Artist: Piotr Łakomy
Curated by: Michal Novotny
Venue: Futura, Prague, The Czech Republic
Photography: all images copyright and courtesy of the artist and Futura
At the turn of the 20th century crystal was a great topic in art. Supposedly, it was due to its quality to symbolise the unity of the natural, organic and the ideal, geometric. In the same way, the work of Piotr Łakomy deals with a sort of inwardly self-determining order which, however, doesn’t operate in the classical, separated polarities, instead it is somehow mutating, crossbred, it overflows, liquifies itself, gets satiated by this or that element, once geometric, another time organic. Even regarding the clearly futuristic, cosmic, while at the same time eroded, trite, even wounded expression of his statues, it is, after all, impossible not to think of a sort of science-fiction appeal.
“Prickly constructions of indistinct shapes reached up to the height of a few floors. They had no windows, no doors, not even walls. Some looked like rippled, very densely knitted nets, cutting each other across in various directions and fortified in the spots of their connections, some resembled complicated spatial arabesques, similar to those arising when honeycombs penetrate themselves; or a net with triangular and pentagonal holes. In each larger element and in each visible surface it was possible to find some regularity, not as homogeneous as in a crystal, but indubitable, repeating itself in a certain rhythm, albeit in some places interrupted by marks of destruction. Some constructions were joined into a kind of cuboid-like shapes that were densely vegetated by branches (the branches didn’t grow geometrically, as it is with trees and bushes, though: they either generated a part of a bow or they were contorted into a spiral).
(…) It seemed to Rohan that they were some kind of cubiform and pyramidal rock shards, vegetated by dead, dried-up herbage. But even this impression was vanishing as he moved a few steps closer: at that moment a periodicity unknown to living forms appeared amidst the chaos of destruction.”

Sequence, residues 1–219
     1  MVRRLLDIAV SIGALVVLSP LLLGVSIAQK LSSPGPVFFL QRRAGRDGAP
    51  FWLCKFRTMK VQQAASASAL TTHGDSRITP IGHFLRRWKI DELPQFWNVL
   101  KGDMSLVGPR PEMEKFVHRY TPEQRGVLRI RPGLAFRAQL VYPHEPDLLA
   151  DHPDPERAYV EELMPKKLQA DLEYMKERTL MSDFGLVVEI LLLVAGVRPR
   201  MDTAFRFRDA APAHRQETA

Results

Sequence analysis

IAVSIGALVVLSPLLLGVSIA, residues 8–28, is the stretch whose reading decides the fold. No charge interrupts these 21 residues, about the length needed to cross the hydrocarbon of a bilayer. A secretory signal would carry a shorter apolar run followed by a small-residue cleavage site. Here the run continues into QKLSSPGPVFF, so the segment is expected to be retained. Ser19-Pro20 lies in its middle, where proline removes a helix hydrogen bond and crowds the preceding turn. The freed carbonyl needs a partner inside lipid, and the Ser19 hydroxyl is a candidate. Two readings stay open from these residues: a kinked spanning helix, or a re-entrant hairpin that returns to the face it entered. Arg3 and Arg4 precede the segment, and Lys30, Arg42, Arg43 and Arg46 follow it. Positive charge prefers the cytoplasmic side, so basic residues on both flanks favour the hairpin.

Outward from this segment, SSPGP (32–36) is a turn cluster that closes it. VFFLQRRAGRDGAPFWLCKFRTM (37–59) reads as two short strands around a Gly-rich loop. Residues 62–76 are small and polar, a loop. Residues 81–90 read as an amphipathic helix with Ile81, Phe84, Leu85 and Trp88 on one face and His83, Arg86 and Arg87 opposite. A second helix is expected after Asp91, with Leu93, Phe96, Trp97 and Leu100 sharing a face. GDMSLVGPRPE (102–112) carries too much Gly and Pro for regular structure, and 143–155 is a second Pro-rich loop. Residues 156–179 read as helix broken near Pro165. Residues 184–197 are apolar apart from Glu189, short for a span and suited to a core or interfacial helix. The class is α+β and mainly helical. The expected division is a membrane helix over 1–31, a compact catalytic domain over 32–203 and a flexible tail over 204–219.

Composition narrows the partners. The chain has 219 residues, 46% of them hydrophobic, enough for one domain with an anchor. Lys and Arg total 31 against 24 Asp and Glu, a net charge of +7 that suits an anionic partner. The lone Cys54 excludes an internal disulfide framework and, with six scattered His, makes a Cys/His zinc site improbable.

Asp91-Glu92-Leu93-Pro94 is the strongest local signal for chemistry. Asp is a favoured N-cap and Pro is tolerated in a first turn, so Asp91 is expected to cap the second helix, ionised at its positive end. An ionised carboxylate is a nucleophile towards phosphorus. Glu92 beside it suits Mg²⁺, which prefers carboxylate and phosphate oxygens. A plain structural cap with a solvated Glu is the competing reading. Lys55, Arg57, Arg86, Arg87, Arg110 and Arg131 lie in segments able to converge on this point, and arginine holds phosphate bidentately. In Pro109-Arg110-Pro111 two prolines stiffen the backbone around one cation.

The Invincible, a book by Stanislaw Lem, deals in it’s storyline with the question of the evolution of dead matter, evolution of machines, which the visitors of planet Regis III experience. Most of Lem’s books are about the impossibility of communication with another life form. Consequently though, they are also about the impossibility to even imagine in detail such kind of radically different form.
Łakomy, too, is known for often using hexagonal faveolate aluminium constructions in his artwork, their shape is derived from honeycombs. Faveolates generally allow proportionally minimal use of material, resulting in minimal weight in relation to the high level of resistance against pressure and traction. This is also one of the reasons why the material is used in the aeronautical cosmic research.
The statues of Piotr Łakomy in gallery FUTURA follow two basic scales: 1:1 and 1:10. The smaller one is never separated though, it’s always connected, welded on a larger statue it grows out of. The smaller scale statues are copies of other statues, some of them are also exhibited; they are in a smaller cast though, complemented by some kind of intervention, an addition, which always includes a human body print, especially of fingers and palms. Some of the statues are complemented by an ostrich egg, again a typical element Łakomy uses and which is again on one hand a kind of natural scale factor and on the other a sort of reality touch, another organic, yet at the same time a strongly sculptural, perfectly geometrical element.
The faveolate structure is always applied on some base or frame, which it then cases or perfoliates, adding a kind of life-like, organic dimension as well as the architectural one. That explains Łakomy’s favourite structures of doors and windows, or some kind of tents or umbrellas. In the same way as Lem writes:” They had no windows, no doors, not even walls,” they are at the same time architecture as well as body. The combination of surface, architecture and sculpture might thus be perceived just as a consistent self-projection, the reflection of ourselves, while at the same time possibly the reflection of a kind of essence, that order which transcends us.